Sunday, 2 August 2015

Australia (and my family) from the 1920s - Gillian Polack

The anniversary of my father’s death is coming up. I will light a candle in his memory and I will tell bad jokes so that his sense of humour is not forgotten. I will miss him, as I always do. 

This year is different. Dad died in 1988, but a whole group of his friends died this year, in their early 90s. The last of his generation is fading. 

My parents

When I thought about this, I realised that the adults who were around when I was a child represent a world that’s almost alien to us. I’ll talk about other groups of them on other days, for they represent a variety of very different life experiences. People who were in their twenties and thirties when I was a child may have been Holocaust survivors or refugees from civil war. Some of them came from very poor backgrounds, made more parlous by the Depression. Some of them were new migrants to Australia, facing what was then a terrifyingly suburban and Anglo culture.

My father was part of the suburban and Anglo, but he was Jewish. He came from Melbourne, but grew up in small-town Victoria in the 1920s and 1930s. He grew up in the days of open fireplaces and outdoor toilets. Many houses still had coppers, which were only just now being replaced by electric machines. If washing machines were exotic, even electric beaters were something to be marvelled at. My father’s mother acquired on in the early forties and she apparently treasured very greatly for it made the best sponge cakes ever. 

I barely remember my father’s mother. I have one possible memory of her (and even that is hazy) for she died when I was two. There are big generations in my family, which is why my father’s memories go back to the twenties and his mother’s equivalent memories are late Victorian. Three of us cover well over a hundred years. Grandma Polack was born in Melbourne and moved out when she was the mother of a young family then moved back again when the marriage disintegrated. This is how my father had a semi-rural childhood.

Victorian rural house, 1970s

He had stories from that childhood. Milk, for him, was always better straight from the cow. He dealt with pasteurisation, but homogenisation made him livid (in a gentle, stubborn way) and the amount of cream at the top of the bottles left outside our door in the early morning was never enough. Just once in my life have I encountered milk the way my father described it, and that was at an old-fashioned dairy in the South Australian town of Strathalbyn, in the seventies. Dad poured himself a glass and drank it, then promptly poured himself another. Mum thought he’d make himself sick, because that milk was a third cream. I had a glass alongside him and it was rich and full of flavour. It was missing the odd aftertaste that we’re used t with pasteurised and homogenised milk. This surprised me, for I’d thought the stories of his childhood were simple nostalgia. Milk genuinely was different in Dad’s childhood. Dad’s childhood wasn’t as different to mine as mine is to anyone born since the 1980s, however. We’ve had so many big changes that the flavour of life is different, just as the flavour of that milk was different.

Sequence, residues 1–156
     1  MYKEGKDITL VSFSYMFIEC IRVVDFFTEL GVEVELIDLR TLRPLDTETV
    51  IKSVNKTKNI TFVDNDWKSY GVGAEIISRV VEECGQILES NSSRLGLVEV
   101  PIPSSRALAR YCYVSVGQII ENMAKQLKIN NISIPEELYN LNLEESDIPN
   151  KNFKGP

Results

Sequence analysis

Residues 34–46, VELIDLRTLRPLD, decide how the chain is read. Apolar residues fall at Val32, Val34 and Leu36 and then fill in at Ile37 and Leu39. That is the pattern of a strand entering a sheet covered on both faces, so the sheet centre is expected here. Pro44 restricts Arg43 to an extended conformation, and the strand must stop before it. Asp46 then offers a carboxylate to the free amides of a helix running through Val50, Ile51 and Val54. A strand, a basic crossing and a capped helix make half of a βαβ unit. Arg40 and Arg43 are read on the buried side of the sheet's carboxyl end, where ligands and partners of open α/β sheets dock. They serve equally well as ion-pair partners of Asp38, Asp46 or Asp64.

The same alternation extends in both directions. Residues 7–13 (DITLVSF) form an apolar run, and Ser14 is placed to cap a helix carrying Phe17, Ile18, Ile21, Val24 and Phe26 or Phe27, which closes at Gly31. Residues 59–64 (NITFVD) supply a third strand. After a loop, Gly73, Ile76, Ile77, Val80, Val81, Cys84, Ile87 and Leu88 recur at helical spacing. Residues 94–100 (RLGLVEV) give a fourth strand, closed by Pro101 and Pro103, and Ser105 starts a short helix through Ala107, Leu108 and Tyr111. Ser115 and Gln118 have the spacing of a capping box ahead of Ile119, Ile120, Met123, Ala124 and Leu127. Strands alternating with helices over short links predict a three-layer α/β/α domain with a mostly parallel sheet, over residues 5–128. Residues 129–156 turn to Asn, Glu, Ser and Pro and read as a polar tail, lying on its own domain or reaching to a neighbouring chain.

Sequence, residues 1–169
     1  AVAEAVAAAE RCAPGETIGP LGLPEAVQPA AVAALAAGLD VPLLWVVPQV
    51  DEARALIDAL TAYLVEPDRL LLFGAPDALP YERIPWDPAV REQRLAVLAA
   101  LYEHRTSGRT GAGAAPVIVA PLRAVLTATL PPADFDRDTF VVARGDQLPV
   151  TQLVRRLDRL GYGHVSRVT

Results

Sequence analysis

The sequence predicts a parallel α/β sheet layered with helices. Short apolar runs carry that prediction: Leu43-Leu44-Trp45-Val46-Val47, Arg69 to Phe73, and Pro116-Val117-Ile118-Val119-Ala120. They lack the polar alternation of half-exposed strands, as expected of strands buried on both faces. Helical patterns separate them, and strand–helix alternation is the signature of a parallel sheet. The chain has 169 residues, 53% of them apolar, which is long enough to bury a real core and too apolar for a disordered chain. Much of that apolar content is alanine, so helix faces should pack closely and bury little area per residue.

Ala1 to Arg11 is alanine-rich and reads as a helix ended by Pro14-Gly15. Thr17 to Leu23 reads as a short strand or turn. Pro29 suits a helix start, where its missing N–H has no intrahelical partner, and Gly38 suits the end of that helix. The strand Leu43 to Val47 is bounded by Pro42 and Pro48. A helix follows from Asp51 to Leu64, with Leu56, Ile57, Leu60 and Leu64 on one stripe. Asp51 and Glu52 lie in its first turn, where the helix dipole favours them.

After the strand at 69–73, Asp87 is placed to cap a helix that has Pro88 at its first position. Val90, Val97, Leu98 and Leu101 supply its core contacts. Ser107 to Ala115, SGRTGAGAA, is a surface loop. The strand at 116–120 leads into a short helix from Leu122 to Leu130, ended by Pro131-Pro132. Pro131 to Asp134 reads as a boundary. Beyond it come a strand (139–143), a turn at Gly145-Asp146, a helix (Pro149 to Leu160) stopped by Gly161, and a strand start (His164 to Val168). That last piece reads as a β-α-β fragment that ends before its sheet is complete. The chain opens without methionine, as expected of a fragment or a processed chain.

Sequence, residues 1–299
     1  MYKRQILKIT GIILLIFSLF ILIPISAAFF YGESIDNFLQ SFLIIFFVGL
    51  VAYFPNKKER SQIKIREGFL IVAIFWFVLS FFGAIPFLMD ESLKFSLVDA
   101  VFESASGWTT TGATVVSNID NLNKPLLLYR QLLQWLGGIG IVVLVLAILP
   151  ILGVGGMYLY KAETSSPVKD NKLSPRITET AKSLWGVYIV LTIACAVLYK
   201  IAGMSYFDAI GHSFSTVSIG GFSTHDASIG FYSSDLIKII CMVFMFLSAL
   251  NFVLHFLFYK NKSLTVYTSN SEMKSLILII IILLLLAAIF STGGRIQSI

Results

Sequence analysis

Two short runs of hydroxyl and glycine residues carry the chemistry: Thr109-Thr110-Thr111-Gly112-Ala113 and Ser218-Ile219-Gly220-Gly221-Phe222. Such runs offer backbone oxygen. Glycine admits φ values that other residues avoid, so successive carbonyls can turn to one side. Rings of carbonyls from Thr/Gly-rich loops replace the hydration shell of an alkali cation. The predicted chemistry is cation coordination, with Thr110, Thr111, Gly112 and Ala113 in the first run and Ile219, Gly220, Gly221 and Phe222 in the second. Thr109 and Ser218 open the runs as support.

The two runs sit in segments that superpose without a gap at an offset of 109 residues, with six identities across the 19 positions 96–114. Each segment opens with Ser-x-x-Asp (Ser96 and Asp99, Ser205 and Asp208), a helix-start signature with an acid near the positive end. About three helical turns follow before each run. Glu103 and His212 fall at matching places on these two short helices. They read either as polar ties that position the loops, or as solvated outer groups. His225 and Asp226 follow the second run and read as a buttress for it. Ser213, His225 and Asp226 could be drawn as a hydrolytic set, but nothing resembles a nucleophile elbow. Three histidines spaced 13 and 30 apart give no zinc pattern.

Dad was born before penicillin was discovered, and before cortisone. He was born when planes were new-fangled and telephones had manual switchboard operators who (in country towns) knew everything about everybody. There was no television: people listened to the radio in the evening. 

My father, in his fifties, learned to program computers using punchcards, which we then made into Christmas door ornaments and gave to our non-Jewish friends. Dad fell in love with the thought of transferring his card system onto computers, but computing didn’t advance quickly enough and he died before it was possible. He didn’t die before the Sinclair ZX80, however, and it was on that computer that I learned basic programming. It wasn’t an office machine, but it was a lot easier to program than the punchcards.

His childhood, however, didn’t only predate desktop computing: it predated ballpoint pens. Dad was taught to write using a nib. There were no ink cartridges. The nib was not attached to a fountain pen, my mother reminds me (she says that fountain pens were luxury and that Jewish boys turning thirteen would joke on their Bar Mitzvahs “Today I am a fountain pen.”), it was just a metal nib on a wooden handle, and the inkwell was a small open pot, sunk into each desk. There was an inkwell monitor in each class, who had to make sure that there was ink in each desk. I suspect it was Dad who taught me that the seeds of the stink wattle made a very good addition to those inkwells. I was the last generation to use pens with nibs in primary school, you see. I remember when we switched over to cartridges and was very glad that, in early primary school, I’d followed my father’s thought and crushed a few stink wattle seeds and put them in a couple of inkwells. Time passes and opportunities can be lost forever…

My mother (who is – thankfully- still alive) is ten years younger than Dad and she noticed the differences between her world and Dad’s. Dad’s teen years were the Depression and he moved into adulthood during World War II. His parents lost a whole generation of friends during World War I, but my parents’ friends lost all their European relatives in World War II (my family had only a few European relatives by this time, since we’re of an older generation of Australians, but many other fountain pen boys lost most of their family). The two wars were very different experiences for Australians living through them. They marked their generations profoundly.